Get off trail before you have to. Go get yourself checked out or slow the heck down once you notice symptoms beyond general aches and pains. Cranking out 20-mile days on top of your already exhausted joints isn’t doing you any favors and could keep you off trail in recovery longer.
Identify what went wrong. There are many factors that can make your NOBO hike turn south real quick. Figuring out what went wrong in the first place is key: in my case that meant high mileage, heavy pack, and my shoes becoming too small after my feet started to swell. Once you identify the cause of your symptoms, you can take steps to alleviate the problem.
Trust the experts but be optimistic. Understand that your doctors and physicians know best and take their advice to heart. Try and set reasonable goals with them and remain optimistic in the face of a diagnosis. People of all ages and abilities have successfully completed a thru-hike; draw inspiration from them and don’t let your injury quench your motivation.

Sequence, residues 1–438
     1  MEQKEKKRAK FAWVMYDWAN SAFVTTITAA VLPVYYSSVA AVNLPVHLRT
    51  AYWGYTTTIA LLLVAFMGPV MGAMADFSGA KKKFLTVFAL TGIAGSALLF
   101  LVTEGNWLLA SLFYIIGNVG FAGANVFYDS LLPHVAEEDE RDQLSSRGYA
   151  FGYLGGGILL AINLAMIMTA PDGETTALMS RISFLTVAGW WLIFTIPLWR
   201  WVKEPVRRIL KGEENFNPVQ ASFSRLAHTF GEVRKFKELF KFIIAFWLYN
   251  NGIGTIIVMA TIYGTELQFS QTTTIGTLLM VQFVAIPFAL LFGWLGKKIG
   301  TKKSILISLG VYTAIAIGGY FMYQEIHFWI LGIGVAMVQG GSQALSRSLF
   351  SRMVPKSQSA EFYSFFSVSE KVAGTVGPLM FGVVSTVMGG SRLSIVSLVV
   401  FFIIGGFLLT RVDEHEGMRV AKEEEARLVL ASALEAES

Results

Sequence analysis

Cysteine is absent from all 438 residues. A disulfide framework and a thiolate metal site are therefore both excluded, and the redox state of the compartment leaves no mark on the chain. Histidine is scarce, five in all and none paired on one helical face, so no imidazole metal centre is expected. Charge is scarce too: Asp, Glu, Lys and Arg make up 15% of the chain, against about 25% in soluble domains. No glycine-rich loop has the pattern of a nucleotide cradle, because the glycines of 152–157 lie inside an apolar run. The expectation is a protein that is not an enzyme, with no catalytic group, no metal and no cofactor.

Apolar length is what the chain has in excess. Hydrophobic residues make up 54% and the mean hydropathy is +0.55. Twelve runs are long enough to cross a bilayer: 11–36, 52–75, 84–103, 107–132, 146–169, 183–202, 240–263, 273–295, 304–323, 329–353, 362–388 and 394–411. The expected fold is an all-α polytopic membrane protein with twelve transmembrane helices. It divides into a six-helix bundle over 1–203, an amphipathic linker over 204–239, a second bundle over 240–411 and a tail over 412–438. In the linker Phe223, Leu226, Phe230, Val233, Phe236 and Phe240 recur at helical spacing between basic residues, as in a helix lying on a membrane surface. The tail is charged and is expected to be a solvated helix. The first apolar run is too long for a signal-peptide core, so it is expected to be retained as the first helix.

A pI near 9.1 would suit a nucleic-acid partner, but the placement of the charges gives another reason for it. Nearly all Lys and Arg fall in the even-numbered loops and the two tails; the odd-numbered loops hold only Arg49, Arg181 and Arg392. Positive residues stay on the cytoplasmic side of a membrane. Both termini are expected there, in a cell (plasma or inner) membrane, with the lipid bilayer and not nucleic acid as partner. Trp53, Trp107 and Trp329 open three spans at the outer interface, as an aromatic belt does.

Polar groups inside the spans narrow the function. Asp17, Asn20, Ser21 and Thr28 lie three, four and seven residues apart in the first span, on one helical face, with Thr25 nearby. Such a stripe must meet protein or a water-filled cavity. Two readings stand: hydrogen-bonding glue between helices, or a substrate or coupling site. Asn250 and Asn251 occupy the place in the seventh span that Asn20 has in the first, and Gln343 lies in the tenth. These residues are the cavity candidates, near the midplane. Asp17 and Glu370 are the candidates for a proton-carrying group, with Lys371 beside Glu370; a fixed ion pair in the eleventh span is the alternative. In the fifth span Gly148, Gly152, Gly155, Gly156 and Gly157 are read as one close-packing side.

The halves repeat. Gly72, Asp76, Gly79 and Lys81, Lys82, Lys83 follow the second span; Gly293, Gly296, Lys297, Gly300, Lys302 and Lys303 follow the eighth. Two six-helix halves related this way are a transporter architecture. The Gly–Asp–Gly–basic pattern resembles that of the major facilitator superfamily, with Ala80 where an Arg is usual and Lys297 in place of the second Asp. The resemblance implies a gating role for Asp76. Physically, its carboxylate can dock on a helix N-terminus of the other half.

Take it slow. If you are back on trail after recovering from an injury, you have to go slow. Stretching multiple times a day and not stressing your body too much while it is recovering are both important to overcoming an injury (and preventing a new one from developing).
Smiles before miles. People have many reasons for wanting to thru-hike the AT. But what makes you stay on? In New York, I met a hiker named Legs. We quickly became roommates (well, tent-mates) and our philosophy was, “smiles before miles.” If we ever became unhappy on trail, experienced a rough patch of weather, or were just over not having flushable toilets, we decided to take a break. Chatting with locals, other hikers, making fires, watching beavers in their ponds all became a new normal for my hike. Eventually we always continued north with smiles on our faces. That brings me to my last point…